Saturday, 5 January 2008

Thinking Of Sting

Watching Arsenal, thinking of Sting and Trudie
By Russell Brand

Two thousand and eight then. We're now so far into the future that Kubrick's space vision looks like a turgid and unambitious "what the butler saw". I suffered a bit of football fatigue over the holidays as well as that vomiting craze that swept the nation like jacks or pogs - or saying "whaaasssuuuup" but with such commitment that the utterance becomes projectile.

I feel personally aggrieved by Liverpool's failure to stay with the pace, I really thought this might be their year; to kids growing up now The Reds will be like United were when I was a lad - a team for whom there is an incomprehensible reverence that have never delivered a title in their lifetime. I suppose they have at least triumphed in the watered-down, hyped-up Champions League but the Scousers demand domestic success from their side and now it increasingly seems that will not be under Benítez.

I did not go to Upton Park for West Ham's magnificent victory against Manchester United and was in fact so delirious with my Scrooge flu that I was oblivious to the event until baffled and congratulatory texts began to flood in. I was at the Emirates on New Year's Day, however, where The Hammers played like a side who felt like they'd done enough work for two matches in their previous encounter - which is a mentality I often employ sexually after the euphoria of the debut has reached its giddy climax, often secretly making eye contact with my cat as my co-participant ponders the whereabouts of the former shaman who now half-heartedly writhes, more for exercise than pleasure.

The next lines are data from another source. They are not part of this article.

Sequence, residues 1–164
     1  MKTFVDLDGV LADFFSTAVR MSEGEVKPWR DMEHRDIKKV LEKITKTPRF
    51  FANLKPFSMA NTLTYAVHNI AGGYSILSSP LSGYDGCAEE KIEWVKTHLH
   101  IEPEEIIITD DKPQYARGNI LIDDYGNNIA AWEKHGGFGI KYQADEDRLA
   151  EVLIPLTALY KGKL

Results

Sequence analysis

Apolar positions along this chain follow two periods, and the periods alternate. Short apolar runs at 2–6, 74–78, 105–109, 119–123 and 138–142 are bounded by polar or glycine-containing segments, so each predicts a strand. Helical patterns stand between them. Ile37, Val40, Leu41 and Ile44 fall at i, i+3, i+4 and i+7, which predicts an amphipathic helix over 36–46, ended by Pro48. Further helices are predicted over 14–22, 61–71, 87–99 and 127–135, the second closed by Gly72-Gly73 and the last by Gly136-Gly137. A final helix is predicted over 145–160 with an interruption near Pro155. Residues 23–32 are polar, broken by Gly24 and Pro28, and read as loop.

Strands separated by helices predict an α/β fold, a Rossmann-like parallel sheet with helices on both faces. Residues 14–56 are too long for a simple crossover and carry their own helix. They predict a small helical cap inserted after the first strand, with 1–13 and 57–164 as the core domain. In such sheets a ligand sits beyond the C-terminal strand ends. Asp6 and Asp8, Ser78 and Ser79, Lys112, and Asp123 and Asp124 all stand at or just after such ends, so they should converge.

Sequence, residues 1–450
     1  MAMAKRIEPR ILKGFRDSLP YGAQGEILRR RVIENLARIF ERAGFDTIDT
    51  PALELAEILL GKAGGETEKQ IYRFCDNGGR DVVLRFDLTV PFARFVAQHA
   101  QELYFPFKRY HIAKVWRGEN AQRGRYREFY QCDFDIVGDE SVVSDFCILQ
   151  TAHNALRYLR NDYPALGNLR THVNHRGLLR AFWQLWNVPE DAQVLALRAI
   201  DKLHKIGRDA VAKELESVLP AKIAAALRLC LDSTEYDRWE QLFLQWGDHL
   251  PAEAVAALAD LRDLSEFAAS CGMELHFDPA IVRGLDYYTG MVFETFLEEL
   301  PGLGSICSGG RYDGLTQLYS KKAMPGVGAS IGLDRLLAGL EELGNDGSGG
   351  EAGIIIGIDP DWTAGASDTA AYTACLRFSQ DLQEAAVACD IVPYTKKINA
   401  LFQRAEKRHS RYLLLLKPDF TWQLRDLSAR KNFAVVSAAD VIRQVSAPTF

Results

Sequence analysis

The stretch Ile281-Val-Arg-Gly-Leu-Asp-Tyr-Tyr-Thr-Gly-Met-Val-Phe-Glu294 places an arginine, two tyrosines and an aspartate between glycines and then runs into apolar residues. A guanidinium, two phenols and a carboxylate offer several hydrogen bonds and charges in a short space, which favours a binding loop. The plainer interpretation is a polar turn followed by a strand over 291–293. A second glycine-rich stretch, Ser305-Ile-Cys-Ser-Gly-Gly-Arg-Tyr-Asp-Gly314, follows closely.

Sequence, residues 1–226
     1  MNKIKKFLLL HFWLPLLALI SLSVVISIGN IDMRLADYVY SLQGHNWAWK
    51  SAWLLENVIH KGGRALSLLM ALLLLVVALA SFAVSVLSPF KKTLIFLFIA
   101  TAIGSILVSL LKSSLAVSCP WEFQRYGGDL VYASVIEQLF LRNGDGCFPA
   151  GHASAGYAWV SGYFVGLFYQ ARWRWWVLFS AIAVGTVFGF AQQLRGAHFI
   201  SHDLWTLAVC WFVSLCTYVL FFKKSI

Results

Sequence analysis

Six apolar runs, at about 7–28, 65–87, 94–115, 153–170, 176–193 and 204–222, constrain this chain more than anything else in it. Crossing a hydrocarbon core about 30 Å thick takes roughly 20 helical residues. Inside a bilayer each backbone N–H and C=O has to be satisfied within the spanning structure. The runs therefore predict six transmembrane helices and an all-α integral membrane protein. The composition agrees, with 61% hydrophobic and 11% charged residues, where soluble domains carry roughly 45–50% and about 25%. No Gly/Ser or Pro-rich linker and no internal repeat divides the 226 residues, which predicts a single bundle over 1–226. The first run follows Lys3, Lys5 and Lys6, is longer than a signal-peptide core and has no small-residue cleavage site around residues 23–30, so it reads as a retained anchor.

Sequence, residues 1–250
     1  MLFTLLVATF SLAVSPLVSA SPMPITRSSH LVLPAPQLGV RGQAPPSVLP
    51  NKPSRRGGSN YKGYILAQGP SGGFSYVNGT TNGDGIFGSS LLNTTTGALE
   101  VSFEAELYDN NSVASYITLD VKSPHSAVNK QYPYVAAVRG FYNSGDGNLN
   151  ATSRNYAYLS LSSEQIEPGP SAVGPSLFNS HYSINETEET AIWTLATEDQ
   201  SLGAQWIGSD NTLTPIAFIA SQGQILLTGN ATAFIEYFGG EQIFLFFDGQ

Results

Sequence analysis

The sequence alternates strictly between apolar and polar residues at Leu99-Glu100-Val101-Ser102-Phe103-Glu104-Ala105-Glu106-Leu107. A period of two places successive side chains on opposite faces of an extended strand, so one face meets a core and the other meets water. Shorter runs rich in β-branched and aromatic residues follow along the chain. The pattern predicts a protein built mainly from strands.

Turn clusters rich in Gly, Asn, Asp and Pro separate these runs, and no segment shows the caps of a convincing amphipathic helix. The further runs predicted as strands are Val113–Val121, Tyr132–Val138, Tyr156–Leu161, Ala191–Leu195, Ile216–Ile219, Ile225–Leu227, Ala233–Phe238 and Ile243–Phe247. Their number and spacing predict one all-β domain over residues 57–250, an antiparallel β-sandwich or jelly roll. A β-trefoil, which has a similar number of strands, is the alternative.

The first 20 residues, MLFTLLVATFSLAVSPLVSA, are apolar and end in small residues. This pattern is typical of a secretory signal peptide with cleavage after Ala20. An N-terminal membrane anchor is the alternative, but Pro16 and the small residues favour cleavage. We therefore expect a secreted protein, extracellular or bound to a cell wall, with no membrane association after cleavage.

Arsenal move with the fluidity, grace and purpose of a couple who remain very much in love, the kind of yogic coitus that I like to think Sting and Trudie Styler have. Arsenal pass confidently from deep positions and are unencumbered by needless flair but make the functional aesthetically titillating - again how I imagine Sting and Trudie.

I don't want to give the impression that I give undue attention to the private lovemaking of Gordon Sumner and his missus, it's just a convenient analogy. I've never pondered it alone, biting my lower lip, eyes rolling skyward as I twitch out ribbons of guilty glee. I don't put on that "fields of barley" record and pretend to be him while canoodling with a porcelain sex doll - I don't think you can even get porcelain sex dolls - which is a prohibition of choice that will, surely, ultimately lead to the collapse of consumerism as the anaesthetic of the west.

I went to the Arsenal game with lifelong Gooner Matt Lucas. I don't often attend away games and even as we approached the magnificent arena the angst of unfamiliarity was all about me. The people drinking outside the pubs on the Blackstock Road were not of my fraternity; lacking there was the bonhomie of the frequently defeated, replaced instead by a peculiar sense of assurance; men louchely swilled back booze safe in the knowledge that they were not about to witness a bout of lazy humiliation.

It was a world away from the gallows good will of Green Street where a lunatic pervasion of detached joy prevails, revellers indifferently jig and swirl, regardless of the likelihood of 90 minutes of torture, like a grinning gin-bleached hag merrily giving suck to a stiff blue tot.

When Arsenal scored twice, so quickly that the whistle's echo could still be detected, Matt apologised as if Arsenal's dominance were bad manners and he'd failed in his duty as a host. I assured him that he couldn't be held responsible for his team's superiority and spent the rest of the game admiring the architecture and listening to the away support's relentlessly amusing chants with fellow Hammer and companion that day James Corden.

My favourite was "sit down if you love Tottenham" - there is little standing at the Emirates so by the song's clever logic the home fans were tacitly supporting their hated foes. Their riposte was quite good - "You need more foreigners" - but all were united in the minute's silence that preceded the match to mark the sad death of Motherwell's captain, Phil O'Donnell, a reminder that, whilst pithy, Shankly's maxim was ever an empty witticism.

Guardian column

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